The report, released this month by the Brennan Center for Justice, a nonpartisan policy institute at NYU School of Law, found that law enforcement data sharing programs organized by the Department of Homeland Security (DHS) are fraught with waste and abuse and have whittled away at civil liberties protections while evading sufficient oversight.
“Until 9/11, police departments had limited authority to gather information on innocent activity, such as what people say in their houses of worship or at political meetings,” the report explains. “Police could only examine this type of First Amendment-protected activity if there was a direct link to a suspected crime. But the attacks of 9/11 led law enforcement to turn this rule on its head.”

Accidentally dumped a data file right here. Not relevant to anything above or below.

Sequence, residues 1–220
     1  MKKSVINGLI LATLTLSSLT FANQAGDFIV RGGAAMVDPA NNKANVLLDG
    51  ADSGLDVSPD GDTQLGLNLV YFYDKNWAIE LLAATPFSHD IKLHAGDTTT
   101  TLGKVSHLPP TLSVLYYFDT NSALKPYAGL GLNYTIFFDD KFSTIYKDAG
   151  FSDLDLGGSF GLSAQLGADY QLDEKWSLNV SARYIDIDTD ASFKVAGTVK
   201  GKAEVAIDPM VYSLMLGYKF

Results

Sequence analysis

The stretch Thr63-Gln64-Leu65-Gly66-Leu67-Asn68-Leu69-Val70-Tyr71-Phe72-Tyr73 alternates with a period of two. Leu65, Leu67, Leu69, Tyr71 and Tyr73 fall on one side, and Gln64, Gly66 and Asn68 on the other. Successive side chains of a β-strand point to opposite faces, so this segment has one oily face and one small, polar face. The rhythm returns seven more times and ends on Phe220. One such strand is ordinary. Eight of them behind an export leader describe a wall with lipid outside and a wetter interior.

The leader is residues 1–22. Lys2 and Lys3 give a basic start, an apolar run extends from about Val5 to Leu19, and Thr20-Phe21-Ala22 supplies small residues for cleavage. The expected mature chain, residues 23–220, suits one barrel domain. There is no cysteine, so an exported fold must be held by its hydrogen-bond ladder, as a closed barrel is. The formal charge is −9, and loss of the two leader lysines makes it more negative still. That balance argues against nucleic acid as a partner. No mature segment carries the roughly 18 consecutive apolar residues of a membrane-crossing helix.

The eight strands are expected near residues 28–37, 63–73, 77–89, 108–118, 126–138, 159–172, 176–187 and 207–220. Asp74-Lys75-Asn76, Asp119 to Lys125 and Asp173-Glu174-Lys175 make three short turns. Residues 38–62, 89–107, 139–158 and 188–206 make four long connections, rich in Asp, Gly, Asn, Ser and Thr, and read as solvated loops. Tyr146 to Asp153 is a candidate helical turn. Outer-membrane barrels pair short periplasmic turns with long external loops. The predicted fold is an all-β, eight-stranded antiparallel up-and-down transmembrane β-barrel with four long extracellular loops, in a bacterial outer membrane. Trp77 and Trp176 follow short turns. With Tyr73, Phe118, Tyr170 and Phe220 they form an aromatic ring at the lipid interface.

Amidst unprecedented focus on overreach at the National Security Agency (NSA), many Americans have come to understand the risk of being spied on by the government in their electronic communications. But the intelligence-sharing hubs coordinated between DHS and state and local police departments around the country, called “fusion centers,” show there is extensive surveillance of Americans’ physical and social activities as well.